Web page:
This piece was first published in a local Toronto mag called Celebrasian (circa 1998). Celebrasian was the community mag for a group called Gay Asians of Toronto. An acquaintance, Jimm Tran, took it on as a volunteer project and asked for my assistance. After a falling out with GAT Jimm and I went on to found DRAGUN magazine.
The article was also republished by the now defunct CODECODE the NYU website exploring the advent of the internet and relationships (circa 1998).
Confessions of a Cyberslut!
by Joshua Kreig
It's 3:27am. Friday. I am trying to get off. Offline. I've been chatting with some guy from Australia in cyberspace for an hour. I yawn. He is typing nothing to get my blood pumping or anything else for that matter. I had my hand in mind. I thought I was beyond seeking out sex, or in reality -- intimacy, on the net. This is a remarkable achievement, for I am one of those people who thought he would never go to a bathhouse or a porn theatre: and has since gone to both. Now a cyber-whore.
I am considered easy on the eyes by many. I have been in a few relationships with men who are even easier on the eyes. My real-time sex life is satisfying; I enjoy a man's body regularly. But yet I find myself irresistibly drawn to anonymous sexual exploits. Something tells me I should be above and beyond such base desires.
In true St. Augustine fashion I must confess. I engage in cyber-sex. At one time a lot. I enjoy the challenge of seduction. Though there are many projects I should be working on; channelling my libidinal energy towards more fecund endeavours... it is 3:27am, Friday and I'm trying to get off. It is easy. It strokes the ego.
Sexual release is a drug. Safe, easy, ego drug. Hmmmm. That is enough of a sociological, physiological, and psychological reason to explain my behaviour. No wonder I am having so much trouble getting that screenplay on paper. The little head has a much more direct and powerful line of thinking for its actions. The big head gladly surrenders its lofty erudite ambitions for a share of concupiscence.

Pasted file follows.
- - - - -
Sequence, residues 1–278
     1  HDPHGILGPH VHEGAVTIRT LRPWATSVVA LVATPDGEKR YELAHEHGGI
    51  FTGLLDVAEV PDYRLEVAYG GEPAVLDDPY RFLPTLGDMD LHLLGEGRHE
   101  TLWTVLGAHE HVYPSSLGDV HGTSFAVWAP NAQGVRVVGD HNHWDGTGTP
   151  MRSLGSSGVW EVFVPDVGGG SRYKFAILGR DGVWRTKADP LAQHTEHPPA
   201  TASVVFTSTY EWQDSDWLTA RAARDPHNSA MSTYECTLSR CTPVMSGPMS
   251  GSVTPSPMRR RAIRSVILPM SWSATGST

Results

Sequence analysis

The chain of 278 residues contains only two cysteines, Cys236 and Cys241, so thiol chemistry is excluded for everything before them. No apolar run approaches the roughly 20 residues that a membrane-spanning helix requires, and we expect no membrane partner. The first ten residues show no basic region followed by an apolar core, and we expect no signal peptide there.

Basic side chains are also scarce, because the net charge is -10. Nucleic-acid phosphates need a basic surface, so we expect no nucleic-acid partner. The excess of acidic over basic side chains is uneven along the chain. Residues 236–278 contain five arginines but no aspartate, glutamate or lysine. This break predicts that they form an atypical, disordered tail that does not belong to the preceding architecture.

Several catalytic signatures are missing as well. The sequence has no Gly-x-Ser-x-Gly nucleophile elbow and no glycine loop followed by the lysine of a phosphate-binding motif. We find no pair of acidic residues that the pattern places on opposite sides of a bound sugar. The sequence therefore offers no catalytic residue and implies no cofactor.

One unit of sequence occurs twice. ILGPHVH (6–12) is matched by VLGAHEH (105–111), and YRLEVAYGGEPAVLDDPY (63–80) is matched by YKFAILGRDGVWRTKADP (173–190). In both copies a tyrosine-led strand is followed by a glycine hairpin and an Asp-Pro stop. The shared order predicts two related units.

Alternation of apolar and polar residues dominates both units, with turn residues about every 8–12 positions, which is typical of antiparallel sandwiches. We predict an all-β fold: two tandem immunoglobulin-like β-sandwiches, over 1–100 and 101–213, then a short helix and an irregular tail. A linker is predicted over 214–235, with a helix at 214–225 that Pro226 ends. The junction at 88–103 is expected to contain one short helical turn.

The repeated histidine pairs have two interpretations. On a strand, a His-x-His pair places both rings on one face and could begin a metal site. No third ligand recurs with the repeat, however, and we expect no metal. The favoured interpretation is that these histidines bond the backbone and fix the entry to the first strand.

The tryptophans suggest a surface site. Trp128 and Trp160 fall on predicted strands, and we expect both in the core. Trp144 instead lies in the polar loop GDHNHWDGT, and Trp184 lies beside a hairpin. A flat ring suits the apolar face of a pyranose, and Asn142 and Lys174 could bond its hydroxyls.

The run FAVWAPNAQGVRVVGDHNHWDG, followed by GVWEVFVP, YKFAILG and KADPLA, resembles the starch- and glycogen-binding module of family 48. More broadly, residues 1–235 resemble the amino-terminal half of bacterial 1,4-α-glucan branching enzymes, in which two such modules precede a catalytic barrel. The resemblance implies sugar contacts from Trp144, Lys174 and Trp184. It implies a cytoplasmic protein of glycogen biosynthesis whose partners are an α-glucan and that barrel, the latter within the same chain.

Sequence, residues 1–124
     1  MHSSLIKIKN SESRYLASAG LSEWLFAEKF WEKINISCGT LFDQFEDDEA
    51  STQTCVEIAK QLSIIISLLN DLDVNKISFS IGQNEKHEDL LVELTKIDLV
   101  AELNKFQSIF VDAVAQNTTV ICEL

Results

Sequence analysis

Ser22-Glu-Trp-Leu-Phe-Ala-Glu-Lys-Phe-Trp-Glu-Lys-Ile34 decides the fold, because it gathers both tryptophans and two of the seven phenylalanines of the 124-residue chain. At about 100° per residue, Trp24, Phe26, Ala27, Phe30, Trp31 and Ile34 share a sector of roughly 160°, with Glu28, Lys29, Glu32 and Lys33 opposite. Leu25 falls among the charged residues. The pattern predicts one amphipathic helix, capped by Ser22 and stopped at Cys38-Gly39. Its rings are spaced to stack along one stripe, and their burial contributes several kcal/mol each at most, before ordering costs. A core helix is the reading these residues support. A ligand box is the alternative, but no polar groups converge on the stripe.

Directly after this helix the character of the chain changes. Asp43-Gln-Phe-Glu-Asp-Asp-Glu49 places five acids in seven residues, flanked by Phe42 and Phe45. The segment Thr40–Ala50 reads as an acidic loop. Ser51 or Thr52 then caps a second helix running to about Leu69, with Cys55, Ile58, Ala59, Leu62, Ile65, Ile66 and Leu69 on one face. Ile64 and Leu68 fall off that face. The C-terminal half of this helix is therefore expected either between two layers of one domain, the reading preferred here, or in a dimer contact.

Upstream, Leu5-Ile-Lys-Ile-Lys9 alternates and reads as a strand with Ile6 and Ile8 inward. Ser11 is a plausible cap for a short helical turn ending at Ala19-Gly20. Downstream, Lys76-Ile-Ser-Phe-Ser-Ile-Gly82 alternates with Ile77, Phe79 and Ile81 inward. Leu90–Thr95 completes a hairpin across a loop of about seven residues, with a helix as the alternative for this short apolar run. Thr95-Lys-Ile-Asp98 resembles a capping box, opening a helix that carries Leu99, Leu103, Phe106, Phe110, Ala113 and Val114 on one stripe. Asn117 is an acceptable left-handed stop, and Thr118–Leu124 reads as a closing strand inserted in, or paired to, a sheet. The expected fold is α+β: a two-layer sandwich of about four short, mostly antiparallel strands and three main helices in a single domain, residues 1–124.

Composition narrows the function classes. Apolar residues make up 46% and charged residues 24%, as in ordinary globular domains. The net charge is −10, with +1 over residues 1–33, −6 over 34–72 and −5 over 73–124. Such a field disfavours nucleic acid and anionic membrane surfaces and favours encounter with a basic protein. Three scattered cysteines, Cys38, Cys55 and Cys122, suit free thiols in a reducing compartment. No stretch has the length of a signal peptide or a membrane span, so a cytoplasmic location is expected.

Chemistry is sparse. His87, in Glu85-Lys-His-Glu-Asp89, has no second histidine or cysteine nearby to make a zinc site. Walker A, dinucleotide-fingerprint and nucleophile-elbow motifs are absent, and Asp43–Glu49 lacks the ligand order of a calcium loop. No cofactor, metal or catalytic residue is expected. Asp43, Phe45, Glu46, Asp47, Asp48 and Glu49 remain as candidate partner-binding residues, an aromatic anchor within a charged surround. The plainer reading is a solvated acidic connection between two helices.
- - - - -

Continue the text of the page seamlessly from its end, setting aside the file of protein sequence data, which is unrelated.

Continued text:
I can even rationalise it as a writer. It is an act of the creative muse. I have been doing it for so long now that I approach it as a challenge; to have a different sexual exchange with each person I encounter. I have become quite proficient at describing sex acts. I have even tried a few activities I would never contemplate with a corporeal partner, water sports for starters.
And who needs a condom in the virtual bathhouse. It can be as raw and as nasty as one may wish. Cyberspace has become the largest purveyor of safe sex. Yes, viruses do abound and are sometimes passed on maliciously, but cures are created contiguously. The relieving of computer ills ranks higher than that four-letter acronymic health crisis and many others to boot. Though I run the risk of catching something from a cyber tramp, I will always walk away, sexually relieved and healthy, at least physically.
The debate rages on as to whether the super highway has/is causing us to be supra alienated from one another. Like all good questions, the answer is both yes and no. For gay men, there are a few extra nods on the yea side.
I believe that the Internet has been a godsend for the gay community. On many occasions, I chat with young gay men in their late teens and early twenties, from all over the world, who have no gay outlet, except the Internet. The Internet is their sole avenue of homosexual expression. It is the first meeting place for many gay men as they search for meaning to their sexual identity. The Internet is allowing them to not be isolated with their feelings. Millions of ones and zeroes screaming out for attention. Lonely voices tapping out at 33.6kbps, searching for another to confirm they are not alone.